Patients with advanced kidney disease are increasingly older with multiple comorbidities and cognitive and functional impairments and have a limited life expectancy (1). They experience high symptom burden and recurrent hospitalizations and undergo aggressive medical interventions at the end of life with high inpatient mortality and low utilization of hospice services (2). Palliative care, which focuses on the optimization of quality of life, can be delivered alongside chronic kidney disease care. Primary palliative care skills that all nephrology providers should use (2–4) include the following:
The past year has been an arduous one. Amid the pandemic, we swiftly evolved in delivering our primary mission: patient care and education. The need for physical distancing did not culminate into any separation of trainees from education, with the majority of trainees agreeing that the educational endeavors of their programs were unaffected as a result of the pandemic (1). Local institutions and national organizations, led by prominent educators, continued to conduct conferences via innovative virtual platforms with high-quality content reaching audiences all over the globe. This edition of Kidney News is dedicated to trainees and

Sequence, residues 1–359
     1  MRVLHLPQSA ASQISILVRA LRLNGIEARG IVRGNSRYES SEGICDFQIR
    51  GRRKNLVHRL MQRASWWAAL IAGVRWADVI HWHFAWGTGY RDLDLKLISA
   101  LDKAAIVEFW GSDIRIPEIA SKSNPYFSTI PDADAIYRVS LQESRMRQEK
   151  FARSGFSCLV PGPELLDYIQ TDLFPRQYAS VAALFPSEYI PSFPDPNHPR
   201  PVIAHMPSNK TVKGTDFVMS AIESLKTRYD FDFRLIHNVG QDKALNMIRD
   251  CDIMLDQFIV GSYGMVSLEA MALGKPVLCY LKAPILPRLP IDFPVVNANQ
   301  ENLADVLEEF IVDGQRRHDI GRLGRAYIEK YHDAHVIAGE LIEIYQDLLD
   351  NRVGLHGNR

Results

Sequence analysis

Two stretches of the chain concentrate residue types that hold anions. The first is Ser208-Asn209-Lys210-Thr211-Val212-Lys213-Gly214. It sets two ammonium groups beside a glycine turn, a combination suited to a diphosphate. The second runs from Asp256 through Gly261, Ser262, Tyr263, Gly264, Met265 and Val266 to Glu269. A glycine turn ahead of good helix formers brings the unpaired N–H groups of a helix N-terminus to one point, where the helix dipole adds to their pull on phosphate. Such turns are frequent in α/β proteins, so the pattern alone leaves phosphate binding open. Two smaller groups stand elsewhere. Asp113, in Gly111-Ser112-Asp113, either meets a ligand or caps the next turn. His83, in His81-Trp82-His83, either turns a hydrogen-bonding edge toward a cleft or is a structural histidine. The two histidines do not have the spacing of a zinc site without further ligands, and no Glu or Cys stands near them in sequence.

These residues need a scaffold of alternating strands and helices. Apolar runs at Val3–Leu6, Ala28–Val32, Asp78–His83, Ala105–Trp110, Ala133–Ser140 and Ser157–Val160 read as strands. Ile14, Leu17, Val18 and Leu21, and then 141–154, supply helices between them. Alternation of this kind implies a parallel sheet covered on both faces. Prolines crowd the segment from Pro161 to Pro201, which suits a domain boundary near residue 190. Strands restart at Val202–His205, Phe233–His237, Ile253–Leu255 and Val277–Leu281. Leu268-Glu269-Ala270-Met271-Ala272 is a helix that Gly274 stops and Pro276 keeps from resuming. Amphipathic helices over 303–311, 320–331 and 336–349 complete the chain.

Edward Kwakyi, Sayna Norouzi, Kate J. Robson, and Harish Seethapathy
I am a newly qualified nephrologist, currently working in the Korle Bu Teaching Hospital (KBTH) in Accra, Ghana. At KBTH, where we run a weekly glomerular diseases clinic, my experience has been rewarding but not without challenges; these include a prolonged turnaround time for kidney biopsy results and choosing reasonable alternatives when standard-of-care medications are not affordable or available.